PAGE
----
Nome Mayor John Handeland predicts that other Arctic ports will follow suit and adopt deep-draft standards. The average arrival time of sea ice in Nome has also shifted from late November or December, which is about two to three weeks later than it did 50 years ago, as per Rick Thoman, a climate specialist at the International Arctic Research Center at the University of Alaska Fairbanks.
The changing landscape of the Iditarod race in 2019, where mushers were compelled to navigate the beach due to open water on the Bering Sea ice, serves as a stark reminder of the impact of climate change. As the ice season continues to shorten, it is imperative that we address the evolving needs of this iconic event.
The completion of the existing port causeway in the mid-1980s was a significant milestone in facilitating the transportation of goods and services to Nome.
However, with the impending expansion, the port will undergo a transformative growth that will effectively double its size. This ambitious endeavor will be carried out in three phases, with the first phase being funded by a substantial 175 million from the Alaska Legislature.
Anticipated to commence next year, the field work associated with this expansion project will undoubtedly bring about a multitude of benefits.
Notably, the upgraded dock will have the capacity to accommodate seven to ten ships simultaneously, a substantial increase from the current capacity of three. This enhanced capacity will undoubtedly bolster economic activity in the region, as it will facilitate the efficient movement of goods and foster increased trade opportunities.
As we embark on this pivotal endeavor, it is crucial that we remain cognizant of the larger context within which it is taking place. The shrinking ice season and the subsequent challenges faced by mushers in the Iditarod race serve as a poignant reminder of the urgent need to address climate change and its far-reaching consequences.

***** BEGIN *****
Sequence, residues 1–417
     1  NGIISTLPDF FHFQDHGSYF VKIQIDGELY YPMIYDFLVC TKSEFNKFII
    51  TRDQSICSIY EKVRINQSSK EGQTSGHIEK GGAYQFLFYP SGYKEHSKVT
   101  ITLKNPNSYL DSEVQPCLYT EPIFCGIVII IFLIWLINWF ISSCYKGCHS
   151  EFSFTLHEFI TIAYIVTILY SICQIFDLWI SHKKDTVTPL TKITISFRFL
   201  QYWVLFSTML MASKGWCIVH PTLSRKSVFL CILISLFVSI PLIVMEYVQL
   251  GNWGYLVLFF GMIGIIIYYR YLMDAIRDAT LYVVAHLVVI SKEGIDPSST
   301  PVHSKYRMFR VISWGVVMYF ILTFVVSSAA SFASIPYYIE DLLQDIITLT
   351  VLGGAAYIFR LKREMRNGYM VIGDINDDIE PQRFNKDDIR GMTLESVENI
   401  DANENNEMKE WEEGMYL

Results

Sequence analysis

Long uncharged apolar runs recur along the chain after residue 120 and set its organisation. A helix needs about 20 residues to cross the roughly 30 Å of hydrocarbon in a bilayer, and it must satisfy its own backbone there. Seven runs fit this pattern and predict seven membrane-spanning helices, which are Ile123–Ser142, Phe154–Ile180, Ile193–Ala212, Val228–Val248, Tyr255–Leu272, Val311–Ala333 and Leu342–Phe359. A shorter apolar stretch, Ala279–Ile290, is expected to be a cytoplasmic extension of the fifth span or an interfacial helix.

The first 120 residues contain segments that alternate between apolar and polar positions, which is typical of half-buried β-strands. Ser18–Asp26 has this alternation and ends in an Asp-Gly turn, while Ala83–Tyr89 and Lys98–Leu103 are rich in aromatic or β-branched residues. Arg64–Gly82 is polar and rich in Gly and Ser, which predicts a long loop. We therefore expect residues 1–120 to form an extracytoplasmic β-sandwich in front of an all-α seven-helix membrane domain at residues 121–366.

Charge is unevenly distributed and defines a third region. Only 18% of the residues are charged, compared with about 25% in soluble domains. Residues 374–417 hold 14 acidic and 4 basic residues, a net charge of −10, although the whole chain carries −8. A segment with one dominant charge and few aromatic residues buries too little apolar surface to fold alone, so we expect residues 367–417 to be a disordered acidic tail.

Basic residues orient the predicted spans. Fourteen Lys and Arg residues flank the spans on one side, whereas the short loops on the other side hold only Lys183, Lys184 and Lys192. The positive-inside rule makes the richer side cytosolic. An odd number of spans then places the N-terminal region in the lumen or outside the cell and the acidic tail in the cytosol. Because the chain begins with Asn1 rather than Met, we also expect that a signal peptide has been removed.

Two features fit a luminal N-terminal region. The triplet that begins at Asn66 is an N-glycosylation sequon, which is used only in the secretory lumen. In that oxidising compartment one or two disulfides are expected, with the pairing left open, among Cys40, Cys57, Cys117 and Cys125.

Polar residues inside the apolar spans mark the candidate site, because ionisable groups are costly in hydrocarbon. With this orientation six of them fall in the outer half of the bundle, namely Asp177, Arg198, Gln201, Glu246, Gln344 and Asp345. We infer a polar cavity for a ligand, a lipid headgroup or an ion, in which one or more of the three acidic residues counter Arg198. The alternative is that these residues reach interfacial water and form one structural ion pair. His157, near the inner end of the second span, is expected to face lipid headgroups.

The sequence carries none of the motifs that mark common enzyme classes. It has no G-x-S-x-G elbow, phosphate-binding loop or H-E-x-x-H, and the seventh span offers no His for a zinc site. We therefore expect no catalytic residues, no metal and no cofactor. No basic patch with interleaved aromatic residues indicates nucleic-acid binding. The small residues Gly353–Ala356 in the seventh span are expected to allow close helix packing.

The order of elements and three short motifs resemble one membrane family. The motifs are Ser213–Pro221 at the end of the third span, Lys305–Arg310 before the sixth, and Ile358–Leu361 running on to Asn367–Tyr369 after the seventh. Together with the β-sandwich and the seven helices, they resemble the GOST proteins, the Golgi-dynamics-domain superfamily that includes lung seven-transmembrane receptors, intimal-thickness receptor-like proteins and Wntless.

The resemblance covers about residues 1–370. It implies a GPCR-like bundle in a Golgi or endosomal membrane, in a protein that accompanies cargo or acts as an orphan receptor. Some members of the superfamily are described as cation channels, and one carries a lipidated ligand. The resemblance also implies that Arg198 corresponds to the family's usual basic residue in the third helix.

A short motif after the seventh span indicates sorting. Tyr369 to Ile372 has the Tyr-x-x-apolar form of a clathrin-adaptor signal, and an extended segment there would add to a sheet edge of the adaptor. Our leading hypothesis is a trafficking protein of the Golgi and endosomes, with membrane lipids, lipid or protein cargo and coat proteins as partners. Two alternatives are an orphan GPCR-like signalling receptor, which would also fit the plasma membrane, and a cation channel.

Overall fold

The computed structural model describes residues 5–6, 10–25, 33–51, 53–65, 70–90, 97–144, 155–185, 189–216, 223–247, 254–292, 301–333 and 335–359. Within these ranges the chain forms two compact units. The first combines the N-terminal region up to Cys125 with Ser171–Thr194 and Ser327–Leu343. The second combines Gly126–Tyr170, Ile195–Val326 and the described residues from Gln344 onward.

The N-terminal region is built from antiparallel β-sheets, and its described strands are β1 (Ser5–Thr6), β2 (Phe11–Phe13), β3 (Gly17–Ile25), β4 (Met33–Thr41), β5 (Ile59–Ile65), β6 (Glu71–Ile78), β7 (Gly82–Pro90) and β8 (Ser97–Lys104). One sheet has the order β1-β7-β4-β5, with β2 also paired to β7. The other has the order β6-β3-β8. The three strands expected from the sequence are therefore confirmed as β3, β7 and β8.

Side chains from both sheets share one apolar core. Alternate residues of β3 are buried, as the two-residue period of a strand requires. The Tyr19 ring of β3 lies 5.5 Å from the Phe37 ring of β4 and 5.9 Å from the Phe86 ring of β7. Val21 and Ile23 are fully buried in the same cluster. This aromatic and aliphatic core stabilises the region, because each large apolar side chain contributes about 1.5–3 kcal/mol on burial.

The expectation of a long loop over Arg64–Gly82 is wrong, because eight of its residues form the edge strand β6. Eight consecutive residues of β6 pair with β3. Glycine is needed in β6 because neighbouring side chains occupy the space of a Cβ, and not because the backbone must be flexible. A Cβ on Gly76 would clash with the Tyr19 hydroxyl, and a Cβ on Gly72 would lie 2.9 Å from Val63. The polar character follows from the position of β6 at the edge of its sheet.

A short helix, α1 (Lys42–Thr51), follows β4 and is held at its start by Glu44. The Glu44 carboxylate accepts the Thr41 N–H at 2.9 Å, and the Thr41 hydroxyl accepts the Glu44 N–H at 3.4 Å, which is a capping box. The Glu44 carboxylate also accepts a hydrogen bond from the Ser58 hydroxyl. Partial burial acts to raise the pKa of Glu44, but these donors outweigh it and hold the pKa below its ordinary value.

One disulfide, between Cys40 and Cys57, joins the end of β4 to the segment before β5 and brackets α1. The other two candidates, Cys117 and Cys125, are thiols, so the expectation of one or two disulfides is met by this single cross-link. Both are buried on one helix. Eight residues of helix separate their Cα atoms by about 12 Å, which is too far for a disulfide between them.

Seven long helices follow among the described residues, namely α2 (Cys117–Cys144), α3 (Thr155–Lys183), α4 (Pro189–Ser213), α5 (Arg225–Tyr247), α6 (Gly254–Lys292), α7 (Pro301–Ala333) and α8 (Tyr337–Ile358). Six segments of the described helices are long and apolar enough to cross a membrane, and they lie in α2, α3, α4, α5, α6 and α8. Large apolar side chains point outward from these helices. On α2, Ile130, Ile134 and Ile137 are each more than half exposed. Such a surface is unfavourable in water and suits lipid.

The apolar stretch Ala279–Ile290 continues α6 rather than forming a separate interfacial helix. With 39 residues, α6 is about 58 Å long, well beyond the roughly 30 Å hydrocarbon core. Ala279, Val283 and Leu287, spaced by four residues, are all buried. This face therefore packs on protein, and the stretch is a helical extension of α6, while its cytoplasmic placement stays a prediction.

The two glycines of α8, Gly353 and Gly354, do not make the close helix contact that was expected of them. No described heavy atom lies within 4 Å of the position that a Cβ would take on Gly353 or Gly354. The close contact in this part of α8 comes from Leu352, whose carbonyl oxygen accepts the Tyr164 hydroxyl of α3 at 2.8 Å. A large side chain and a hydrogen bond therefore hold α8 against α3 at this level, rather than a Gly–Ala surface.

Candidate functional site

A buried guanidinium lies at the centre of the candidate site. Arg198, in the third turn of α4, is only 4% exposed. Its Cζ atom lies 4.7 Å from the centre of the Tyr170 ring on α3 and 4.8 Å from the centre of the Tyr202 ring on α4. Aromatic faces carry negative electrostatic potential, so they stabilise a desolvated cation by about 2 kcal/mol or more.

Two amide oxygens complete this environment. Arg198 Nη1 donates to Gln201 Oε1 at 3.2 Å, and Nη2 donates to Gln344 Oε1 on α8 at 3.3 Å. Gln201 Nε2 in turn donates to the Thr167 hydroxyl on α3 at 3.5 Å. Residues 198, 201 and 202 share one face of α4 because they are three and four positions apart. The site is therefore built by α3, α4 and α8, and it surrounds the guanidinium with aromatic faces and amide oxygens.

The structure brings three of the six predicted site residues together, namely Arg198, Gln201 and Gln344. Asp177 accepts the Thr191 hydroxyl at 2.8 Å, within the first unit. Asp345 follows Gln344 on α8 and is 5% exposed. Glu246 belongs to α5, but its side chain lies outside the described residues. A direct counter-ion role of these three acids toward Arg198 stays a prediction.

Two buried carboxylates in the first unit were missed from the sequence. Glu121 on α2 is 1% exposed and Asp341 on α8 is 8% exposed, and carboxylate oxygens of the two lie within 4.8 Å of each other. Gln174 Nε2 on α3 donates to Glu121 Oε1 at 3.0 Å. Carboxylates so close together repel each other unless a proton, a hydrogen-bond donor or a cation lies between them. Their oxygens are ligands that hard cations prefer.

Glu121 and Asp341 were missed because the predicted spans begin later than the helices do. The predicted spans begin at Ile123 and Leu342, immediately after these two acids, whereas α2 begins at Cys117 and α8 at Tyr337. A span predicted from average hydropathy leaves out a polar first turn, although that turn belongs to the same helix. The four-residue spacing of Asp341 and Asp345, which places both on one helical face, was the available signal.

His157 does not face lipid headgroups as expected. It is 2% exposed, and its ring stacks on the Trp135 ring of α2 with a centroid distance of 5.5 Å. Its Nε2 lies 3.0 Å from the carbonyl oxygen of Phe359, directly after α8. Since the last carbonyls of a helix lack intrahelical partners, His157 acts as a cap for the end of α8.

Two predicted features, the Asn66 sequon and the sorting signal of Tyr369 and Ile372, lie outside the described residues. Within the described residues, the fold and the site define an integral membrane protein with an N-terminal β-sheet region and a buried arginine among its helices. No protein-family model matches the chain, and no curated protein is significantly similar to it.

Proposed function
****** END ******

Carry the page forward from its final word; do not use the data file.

While the expansion of the port causeway is a commendable step towards improving infrastructure, it is imperative that we continue to prioritize sustainable practices and explore innovative solutions to mitigate the effects of climate change.
The Port of Nome in Alaska is set to undergo a major expansion, with a new basin being dredged to a depth of 40 feet (12.2 meters) to enable large cruise ships, cargo vessels, and almost every type of US military ship except aircraft carriers to dock. US Rep. Dan Sullivan has described the new infrastructure as the centerpiece of the US’s strategic infrastructure in the Arctic, where it is building up military resources to place fighter jets, Army airborne divisions, and missile defense capabilities in Alaska.
The expanding strategic importance of the region has attracted Chinese and Russian naval vessels, leading to concerns from some Nome residents who object to the loss of traditional hunting or fishing areas, and fear of the impact of the expected tourist influx and increased military presence.
In conclusion, the impending expansion of the port causeway in Nome represents a significant investment in the region’s infrastructure. This project will not only enhance the capacity of the dock, but also stimulate economic growth and trade opportunities.
However, it is essential that we remain mindful of the broader environmental challenges we face, such as the diminishing ice season. By simultaneously addressing these concerns, we can work towards a sustainable future for both the Iditarod race and the Nome community as a whole.